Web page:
Speaker Pelosi would 'save the planet' with higher gas prices
By Dennis T. Avery
Nancy Pelosi has changed her mind. She'll allow a vote on drilling for America's offshore oil potential after all—sort of.
To paraphrase the old saying, however, "A woman convinced against her will is of the same opinion still." Pelosi's first reaction to the public's drilling demands was, "We've got a planet to save. Nothing less is at stake other than civilization as we know it."
Mrs. Pelosi represents the most liberal city in America, and she wants the U.S. to cut its greenhouse emissions in half by 2050. She's backing cap-and-trade legislation that would literally make gas, oil and coal too expensive to burn.
Don't worry about the oil companies actually doing more offshore drilling under her new bill. The U.S. Geological Survey thinks most of the economically recoverable offshore oil is within 50 miles of the coast. Pelosi's bill would open some Outer shelf areas beyond 50 miles, but it would permanently ban drilling in all areas within 50 miles without the state's approval—and she's offering the states no cut of the oil money to encourage their OK. This bill is just a lie to the American people about encouraging more U.S. oil; it's election-year cover for the House Democrats.
Also remember that the final line of eco-defense is always the courts. In February, the Feds leased 487 parcels for oil exploration in the coastal regions of Alaska's Chuckchi Sea—and the Green movement has already ensnarled all 487 leases in lawsuits. In 1973, faced with the OPEC oil embargo, Congress had to waive the environmental laws to permit the Trans-Alaska Pipeline.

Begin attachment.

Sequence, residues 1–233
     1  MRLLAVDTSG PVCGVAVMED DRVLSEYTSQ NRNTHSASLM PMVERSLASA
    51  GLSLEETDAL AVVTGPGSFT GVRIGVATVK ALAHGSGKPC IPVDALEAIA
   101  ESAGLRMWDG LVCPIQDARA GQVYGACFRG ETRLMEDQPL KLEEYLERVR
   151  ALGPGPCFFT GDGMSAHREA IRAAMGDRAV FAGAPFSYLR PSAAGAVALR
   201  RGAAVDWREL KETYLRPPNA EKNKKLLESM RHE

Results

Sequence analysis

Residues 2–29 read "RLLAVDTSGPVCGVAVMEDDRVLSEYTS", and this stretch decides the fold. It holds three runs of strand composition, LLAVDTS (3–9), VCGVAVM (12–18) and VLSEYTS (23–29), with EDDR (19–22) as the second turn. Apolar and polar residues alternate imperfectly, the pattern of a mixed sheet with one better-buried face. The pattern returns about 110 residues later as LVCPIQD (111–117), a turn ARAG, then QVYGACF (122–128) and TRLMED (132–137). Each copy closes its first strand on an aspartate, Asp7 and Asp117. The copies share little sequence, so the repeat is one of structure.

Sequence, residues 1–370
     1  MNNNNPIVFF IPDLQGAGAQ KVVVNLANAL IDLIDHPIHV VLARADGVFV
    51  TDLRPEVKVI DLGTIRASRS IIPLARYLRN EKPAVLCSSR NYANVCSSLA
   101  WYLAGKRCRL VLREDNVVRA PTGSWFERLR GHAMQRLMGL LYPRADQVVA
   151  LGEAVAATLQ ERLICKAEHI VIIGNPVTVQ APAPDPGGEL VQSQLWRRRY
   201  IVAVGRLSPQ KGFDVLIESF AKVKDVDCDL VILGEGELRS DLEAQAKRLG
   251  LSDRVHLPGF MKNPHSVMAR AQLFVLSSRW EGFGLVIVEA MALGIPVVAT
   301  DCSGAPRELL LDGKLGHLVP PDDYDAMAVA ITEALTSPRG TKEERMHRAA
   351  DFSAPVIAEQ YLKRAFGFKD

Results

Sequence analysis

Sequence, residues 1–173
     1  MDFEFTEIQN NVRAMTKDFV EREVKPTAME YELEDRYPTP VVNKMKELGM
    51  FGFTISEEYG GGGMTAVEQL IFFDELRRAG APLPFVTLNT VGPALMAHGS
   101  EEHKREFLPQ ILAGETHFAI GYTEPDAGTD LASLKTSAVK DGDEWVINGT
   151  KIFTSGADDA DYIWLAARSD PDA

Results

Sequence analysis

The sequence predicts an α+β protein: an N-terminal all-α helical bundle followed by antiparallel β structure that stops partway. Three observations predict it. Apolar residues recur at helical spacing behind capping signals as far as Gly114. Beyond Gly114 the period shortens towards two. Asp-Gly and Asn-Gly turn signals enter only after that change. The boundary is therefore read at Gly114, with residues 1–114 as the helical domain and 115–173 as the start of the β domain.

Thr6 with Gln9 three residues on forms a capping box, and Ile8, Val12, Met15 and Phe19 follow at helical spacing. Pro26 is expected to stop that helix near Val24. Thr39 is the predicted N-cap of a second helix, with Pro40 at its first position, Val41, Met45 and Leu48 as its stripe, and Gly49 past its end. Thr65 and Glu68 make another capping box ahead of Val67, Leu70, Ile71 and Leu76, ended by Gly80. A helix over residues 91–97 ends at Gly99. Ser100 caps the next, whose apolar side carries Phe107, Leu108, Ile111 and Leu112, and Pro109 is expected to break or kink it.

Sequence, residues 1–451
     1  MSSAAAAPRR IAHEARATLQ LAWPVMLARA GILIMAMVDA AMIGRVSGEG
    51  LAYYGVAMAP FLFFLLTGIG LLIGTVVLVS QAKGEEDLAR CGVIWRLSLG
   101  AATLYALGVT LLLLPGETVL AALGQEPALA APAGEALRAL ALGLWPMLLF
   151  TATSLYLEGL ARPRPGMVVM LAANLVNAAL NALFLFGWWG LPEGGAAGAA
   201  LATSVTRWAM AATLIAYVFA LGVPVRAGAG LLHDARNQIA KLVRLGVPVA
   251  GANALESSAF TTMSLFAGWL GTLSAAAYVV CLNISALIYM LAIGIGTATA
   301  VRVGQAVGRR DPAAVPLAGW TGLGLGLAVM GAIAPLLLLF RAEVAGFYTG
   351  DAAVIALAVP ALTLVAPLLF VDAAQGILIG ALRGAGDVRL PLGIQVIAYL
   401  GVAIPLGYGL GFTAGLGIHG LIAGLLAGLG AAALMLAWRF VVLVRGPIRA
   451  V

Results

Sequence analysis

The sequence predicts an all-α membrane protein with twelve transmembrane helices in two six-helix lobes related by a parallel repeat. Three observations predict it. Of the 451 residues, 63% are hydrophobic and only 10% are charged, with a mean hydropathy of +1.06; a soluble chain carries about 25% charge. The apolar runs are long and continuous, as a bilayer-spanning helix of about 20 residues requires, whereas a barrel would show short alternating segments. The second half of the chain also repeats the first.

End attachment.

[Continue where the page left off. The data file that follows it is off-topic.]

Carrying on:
After Pelosi's taxpayer-funded trip to Greenland last year, her press release said, "We witnessed the effect of global warming on the ice sheets, and the economic impact on the Inuit people. . . . Fishing and hunting and the tourism attracted by dog sledding have all been adversely affected by the warming climate." Don't laugh. Dogsled tourism was literally the only "economic impact" she could find in Greenland, which was warmer in the 1930s than today.
As a young mother in 1969, Mrs. Pelosi moved from the East Coast to San Francisco—the very year of the infamous oil spill off Santa Barbara that helped trigger the original U.S. ban on offshore drilling. "We learned then that oil and water don't mix," she once told a Congressional hearing on drilling bans. The problem for Speaker Pelosi is that the ground has recently been shifting under her feet. Ocean-well spills are now prevented by automatic shut-off valves at the well-heads. Recent oil spills have been from single-hulled tankers, not drilling.
Then California's famous "rolling blackouts" starved Californians of energy in 2000–2001 and led both people and jobs to flee the state. California still hasn‘t built any new power plants, but with falling temperatures the snowpack has recently been more adequate.
Now $4 gasoline has weakened California's fear of drilling. The Santa Barbara county supervisors recently voted to permit offshore drilling, in a symbolic gesture. Supervisor Brooks Firestone said that technology had made offshore drilling far safer, and: "We do need the jobs. We do need the money. We do need the oil."
Meanwhile, Brazil has invested $1 billion in drilling 20 oil wells more than 4 miles deep into an offshore subsalt layer—and tapped into an estimated 80 billion barrels of oil that suddenly make Brazil one of the world's top-ten oil producers.
Dennis T. Avery is a senior fellow for the Hudson Institute in Washington, DC and is the Director for the Center for Global Food Issues. He was formerly a senior analyst for the Department of State. He is co-author, with S. Fred Singer, of Unstoppable Global Warming Every 1500 Hundred Years, Readers may write him at PO Box 202, Churchville, VA 2442 or email to firstname.lastname@example.org.
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